December 11, 2017

How To Get Direct Student Loans

There are two primary sources of funding for federally funded direct student loans. One is the Federal Direct Loan program and the other is through the Federal Family Education Loan program. The direct loan program is run by the U. S. Department Of Education whereas the other program is serviced by individual lenders.

Direct Student Loans

Both programs include Stafford loans, PLUS loans, and Federal consolidation loans. Some colleges and universities participate in one program whereas others will utilize services provided by the other. More colleges today, however, are using both sources of funding as the need to find alternatives for covering the every-growing costs of higher education continues.

With the Direct Student Loan program one works directly with the Federal government’s office that administrators that program. This U. S. Government managed and operated loan program has flexible repayment terms and can accommodate many needs. Stafford loans, PLUS loans, and consolidation loans are all included. The account is managed online and has fixed loan fees and interest rates.

To qualify for this type of loan students must be U. S. Citizens, eligible non-citizens, or residents. These loans are primarily designed for students in lower socioeconomic income brackets who have never defaulted on a loan before. Therefore, it’s important to check in advance what the income eligibility criteria of the direct loan service as well as the school are as each will have their own scale.

Applying for these loans is fairly easy nowadays with the addition of online services. One must have completed the FAFSA and filed it at the earliest date possible. High school counselors as well as college financial aid officers are more than happy to assist in the completion of documentation required to qualify for this program. They will also inform students of the supporting evidence required that will need to be submitted in order to complete the process.

Once accepted to a college or university award letters will be issued. These will include an itemized list of the types of financial aid available to an individual. The direct Stafford loans or PLUS loans require completion of a Master Promissory note as well. This is a legal contract between the Department Of Education and the student. The Department Of Education serves as the lender and they will be the one to whom they debt is repaid.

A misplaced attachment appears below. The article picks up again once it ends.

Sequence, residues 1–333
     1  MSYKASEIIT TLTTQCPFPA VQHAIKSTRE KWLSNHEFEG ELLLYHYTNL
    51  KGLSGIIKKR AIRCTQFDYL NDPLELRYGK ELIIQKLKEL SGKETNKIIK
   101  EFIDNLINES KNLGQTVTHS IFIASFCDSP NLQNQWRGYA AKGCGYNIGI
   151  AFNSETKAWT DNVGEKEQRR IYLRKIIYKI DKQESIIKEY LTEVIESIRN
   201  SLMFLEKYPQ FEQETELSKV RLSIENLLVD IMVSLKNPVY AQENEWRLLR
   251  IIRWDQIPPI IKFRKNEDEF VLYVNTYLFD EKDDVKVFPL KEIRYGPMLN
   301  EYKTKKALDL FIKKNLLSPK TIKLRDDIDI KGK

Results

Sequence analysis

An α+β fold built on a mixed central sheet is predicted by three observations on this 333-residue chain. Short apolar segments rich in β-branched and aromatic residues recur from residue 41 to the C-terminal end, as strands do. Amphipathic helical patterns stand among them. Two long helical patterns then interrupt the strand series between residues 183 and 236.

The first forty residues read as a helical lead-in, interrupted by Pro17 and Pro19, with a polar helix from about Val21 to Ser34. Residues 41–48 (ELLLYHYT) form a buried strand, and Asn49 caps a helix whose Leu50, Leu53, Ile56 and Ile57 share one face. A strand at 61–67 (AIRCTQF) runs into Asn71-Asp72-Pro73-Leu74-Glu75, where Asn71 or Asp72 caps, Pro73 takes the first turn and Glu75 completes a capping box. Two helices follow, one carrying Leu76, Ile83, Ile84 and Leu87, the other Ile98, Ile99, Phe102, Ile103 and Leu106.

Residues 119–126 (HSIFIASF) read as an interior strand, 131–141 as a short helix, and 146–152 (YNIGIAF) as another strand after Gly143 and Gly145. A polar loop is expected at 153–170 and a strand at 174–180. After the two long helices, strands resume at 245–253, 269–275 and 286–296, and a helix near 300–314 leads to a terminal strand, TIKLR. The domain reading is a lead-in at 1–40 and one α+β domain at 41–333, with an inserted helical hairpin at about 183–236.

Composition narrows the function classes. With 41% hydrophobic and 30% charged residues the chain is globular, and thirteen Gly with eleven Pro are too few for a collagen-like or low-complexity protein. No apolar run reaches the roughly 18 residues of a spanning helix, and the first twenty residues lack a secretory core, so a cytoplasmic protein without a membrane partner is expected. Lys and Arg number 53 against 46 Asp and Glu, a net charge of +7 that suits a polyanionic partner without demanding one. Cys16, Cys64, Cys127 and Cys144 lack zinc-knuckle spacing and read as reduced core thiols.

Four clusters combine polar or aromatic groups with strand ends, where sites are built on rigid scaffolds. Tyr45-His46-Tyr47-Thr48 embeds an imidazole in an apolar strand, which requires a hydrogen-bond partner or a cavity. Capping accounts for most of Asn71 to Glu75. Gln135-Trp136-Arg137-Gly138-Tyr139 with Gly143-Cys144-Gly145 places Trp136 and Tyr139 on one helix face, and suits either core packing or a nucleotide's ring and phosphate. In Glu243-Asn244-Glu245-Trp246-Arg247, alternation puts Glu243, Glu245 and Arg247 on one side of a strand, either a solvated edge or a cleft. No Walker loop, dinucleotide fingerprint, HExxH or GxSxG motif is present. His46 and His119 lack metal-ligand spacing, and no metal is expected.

As with most student loans, that direct loan comes with a six-month grace period after graduation. There are four repayment plans from which to choose. With a standard plan there are fixed monthly payments over a 10 year period. An extended plan is designed for those with $30,000 or more of debt. Repayment is established with fixed or graduated amounts over a 25 year period. With a graduated repayment plan payments are made within a 10 year period, but the payments increase over the life of the loan. Finally, and income-contingent loan is reconfigured annually based on income. As an individual’s income increases, so does this size of the payment.

Many students opt to consolidate their loans once they graduate in order to make repayment more manageable. The newest option available is the Income-Based Repayment plan. This has many advantages that will help to ensure individuals are only paying as much as they can afford based on the income earned. Direct student loans have helped many complete their educational goals as well as survive the transition from graduate to career professional. The best place to begin, however, is with research into the options available.

Additional resource links: http://www.direct.ed.gov/student.html

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